The Tillers

Hand on the Plow

4 pulses

The Cincinnati bluegrass/folk trio The Tillers have their connection to the region through the Muddy Roots record label, which released the LP Hand on the Plow back in July. Preceded by 2008′s Ludlow Street Rag, 2010′s By the Signs, 2011′s Wild Hog in the Woods and 2012′s Live from the Historic Southgate House, Hand on the Plow could be called neo-old-time music, antithetical but true in the sense that it’s a mix of love and travel songs from a different era sung for the sake of storytelling and reverence for their influences, along with contemporary tunes personalized with the group’s own trials, tribulations and musings.

The group is Michael Oberst, Sean Geil and more recently, Sean’s brother Aaron Geil replacing Jason Soudrette on upright bass in 2010. Michael plays kazoo and fiddle in addition to trading off on vocals and banjo—which is never harsh and plucky; it’s liquid, loose and understatedly restless—with Sean, who brings a mandolin and a Dobro into the mix. The album is powerfully sad, uncomfortably tender, flawlessly perfunctory in its execution, resolute and sonically uplifting, and vocals can be steady and sustaining, or resonant like they’re ricocheting around inside a tin can, as on the opening romp, “Old West Side”:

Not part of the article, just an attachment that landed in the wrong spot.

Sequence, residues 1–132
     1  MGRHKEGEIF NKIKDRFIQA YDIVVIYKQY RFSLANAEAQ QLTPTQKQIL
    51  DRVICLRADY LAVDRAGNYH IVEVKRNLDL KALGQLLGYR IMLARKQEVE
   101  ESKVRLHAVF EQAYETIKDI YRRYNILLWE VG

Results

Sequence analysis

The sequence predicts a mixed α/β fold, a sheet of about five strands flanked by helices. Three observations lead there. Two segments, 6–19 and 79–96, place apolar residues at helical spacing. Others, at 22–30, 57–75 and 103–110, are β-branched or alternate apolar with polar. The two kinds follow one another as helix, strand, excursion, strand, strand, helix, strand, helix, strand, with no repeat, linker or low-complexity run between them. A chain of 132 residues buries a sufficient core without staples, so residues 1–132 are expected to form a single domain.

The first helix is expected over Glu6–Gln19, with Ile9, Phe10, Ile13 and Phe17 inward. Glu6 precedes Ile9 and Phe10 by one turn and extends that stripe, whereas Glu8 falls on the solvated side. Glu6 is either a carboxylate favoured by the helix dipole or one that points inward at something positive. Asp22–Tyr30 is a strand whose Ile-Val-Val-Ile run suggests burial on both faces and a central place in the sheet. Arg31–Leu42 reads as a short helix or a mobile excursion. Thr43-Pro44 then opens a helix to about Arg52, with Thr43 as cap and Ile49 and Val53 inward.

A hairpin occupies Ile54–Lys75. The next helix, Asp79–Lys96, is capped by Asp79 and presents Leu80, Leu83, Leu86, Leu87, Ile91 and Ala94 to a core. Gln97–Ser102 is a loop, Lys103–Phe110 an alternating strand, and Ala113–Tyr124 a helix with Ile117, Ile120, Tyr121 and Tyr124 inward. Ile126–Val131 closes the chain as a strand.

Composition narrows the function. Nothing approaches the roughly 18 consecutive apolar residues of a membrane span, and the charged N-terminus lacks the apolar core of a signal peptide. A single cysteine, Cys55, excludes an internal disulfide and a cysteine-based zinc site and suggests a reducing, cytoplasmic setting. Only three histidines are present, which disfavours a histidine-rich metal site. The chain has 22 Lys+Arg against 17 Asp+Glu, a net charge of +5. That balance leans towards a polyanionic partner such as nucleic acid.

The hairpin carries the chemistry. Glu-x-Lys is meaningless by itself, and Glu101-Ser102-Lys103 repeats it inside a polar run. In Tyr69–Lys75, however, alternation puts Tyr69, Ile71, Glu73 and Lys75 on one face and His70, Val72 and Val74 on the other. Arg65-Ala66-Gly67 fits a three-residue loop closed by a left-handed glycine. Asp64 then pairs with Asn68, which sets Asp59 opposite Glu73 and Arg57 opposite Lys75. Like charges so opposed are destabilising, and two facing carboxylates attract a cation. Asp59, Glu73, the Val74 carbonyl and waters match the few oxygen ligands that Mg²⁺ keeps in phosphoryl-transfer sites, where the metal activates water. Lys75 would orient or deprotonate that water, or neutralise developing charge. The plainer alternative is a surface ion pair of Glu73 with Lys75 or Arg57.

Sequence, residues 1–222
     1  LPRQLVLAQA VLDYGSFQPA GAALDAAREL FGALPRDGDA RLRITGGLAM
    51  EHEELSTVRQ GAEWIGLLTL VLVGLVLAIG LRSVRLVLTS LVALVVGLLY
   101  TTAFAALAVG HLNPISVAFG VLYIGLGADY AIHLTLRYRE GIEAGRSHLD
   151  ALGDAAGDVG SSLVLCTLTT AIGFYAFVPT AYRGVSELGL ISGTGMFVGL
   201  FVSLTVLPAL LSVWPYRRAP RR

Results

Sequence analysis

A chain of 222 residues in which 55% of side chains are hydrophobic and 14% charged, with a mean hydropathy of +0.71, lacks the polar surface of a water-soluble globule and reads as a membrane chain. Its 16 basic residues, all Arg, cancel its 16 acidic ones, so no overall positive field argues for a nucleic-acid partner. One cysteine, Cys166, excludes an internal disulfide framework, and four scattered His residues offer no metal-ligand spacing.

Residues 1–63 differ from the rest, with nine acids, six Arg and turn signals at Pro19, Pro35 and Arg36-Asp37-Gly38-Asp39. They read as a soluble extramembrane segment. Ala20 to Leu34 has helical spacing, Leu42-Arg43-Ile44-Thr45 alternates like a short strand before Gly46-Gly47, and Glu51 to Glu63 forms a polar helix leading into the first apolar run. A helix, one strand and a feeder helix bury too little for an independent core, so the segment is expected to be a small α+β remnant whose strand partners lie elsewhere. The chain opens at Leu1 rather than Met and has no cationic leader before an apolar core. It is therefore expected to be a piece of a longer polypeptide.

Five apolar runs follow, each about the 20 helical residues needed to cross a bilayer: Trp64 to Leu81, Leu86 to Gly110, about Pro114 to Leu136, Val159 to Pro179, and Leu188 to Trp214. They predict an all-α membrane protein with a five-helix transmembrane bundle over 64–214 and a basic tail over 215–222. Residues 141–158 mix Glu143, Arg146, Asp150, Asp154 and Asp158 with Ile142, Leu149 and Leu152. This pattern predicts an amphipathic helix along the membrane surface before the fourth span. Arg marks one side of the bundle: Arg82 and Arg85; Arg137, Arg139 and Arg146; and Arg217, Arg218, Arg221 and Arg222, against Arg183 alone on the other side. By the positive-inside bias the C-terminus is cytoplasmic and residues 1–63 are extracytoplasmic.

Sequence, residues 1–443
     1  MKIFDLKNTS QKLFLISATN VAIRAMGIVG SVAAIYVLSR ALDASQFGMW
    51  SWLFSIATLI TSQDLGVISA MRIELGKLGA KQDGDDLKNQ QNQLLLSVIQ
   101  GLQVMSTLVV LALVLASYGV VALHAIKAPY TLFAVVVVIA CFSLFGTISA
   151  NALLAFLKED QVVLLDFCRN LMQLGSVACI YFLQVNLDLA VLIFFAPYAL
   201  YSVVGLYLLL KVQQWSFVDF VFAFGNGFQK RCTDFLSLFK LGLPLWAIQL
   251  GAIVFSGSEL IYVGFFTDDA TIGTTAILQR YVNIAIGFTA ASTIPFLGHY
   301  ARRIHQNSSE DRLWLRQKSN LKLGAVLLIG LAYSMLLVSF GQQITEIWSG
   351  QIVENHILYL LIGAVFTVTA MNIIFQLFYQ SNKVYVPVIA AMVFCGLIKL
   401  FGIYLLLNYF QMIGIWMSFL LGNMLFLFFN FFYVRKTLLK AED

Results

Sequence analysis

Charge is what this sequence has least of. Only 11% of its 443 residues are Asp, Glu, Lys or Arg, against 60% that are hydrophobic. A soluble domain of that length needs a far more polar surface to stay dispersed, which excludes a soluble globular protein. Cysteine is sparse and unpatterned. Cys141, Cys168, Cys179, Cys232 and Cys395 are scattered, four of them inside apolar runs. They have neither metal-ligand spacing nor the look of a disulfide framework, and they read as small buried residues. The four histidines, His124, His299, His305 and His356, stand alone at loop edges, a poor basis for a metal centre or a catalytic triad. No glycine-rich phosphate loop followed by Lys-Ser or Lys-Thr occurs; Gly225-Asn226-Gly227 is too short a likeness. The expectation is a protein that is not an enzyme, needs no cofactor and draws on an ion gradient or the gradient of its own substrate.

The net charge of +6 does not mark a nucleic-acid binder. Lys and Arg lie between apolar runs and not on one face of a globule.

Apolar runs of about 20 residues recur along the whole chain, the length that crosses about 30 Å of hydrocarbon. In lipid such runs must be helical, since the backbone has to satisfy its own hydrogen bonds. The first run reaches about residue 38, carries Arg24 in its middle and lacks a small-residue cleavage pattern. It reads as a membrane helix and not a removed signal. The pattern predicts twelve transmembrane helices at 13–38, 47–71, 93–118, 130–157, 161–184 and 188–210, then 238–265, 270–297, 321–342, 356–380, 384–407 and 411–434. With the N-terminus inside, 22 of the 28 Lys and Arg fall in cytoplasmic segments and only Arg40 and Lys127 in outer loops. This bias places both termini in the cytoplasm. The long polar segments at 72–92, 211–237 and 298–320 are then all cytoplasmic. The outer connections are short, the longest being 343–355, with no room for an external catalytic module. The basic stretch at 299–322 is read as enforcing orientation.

The factory is spewing by the dirty riverside
Where trains belt out a midnight song and coyotes they cry
For their own to be returning and it ain’t much to you
The wheels they keep on turning
Still I’m thinking about you

The track immediately creates a sense of distance that carries throughout the record; there’s a feeling of unrest, a feeling of a season turning, always wistful, a little unsettled and a little too far from home, like on “Long Summer Day” or even the over-told and hokey but tragic story of lovers’ separation and untimely loss on “Willy Dear.” The devil comes in to dance on “I Gotta Move,” and banjo sweeps in sync with a fiddle that’s jazzy, swampy, dark and agitated—very much in Legendary Shack Shakers style. “Can’t Be True” is a beautiful gem; the raucous “Treehouse” sounds like it was recorded in someone’s kitchen during an impromptu jam session, and the feedback and faraway sound create a definitive aesthetic.

Hand on the Plow wavers between the exquisitely macabre, drawing heavily on the Legendary Shack Shakers (with whom The Tillers have shared the stage, along with everyone from Carolina Chocolate Drops and Doc Watson) and tenderly downcast.


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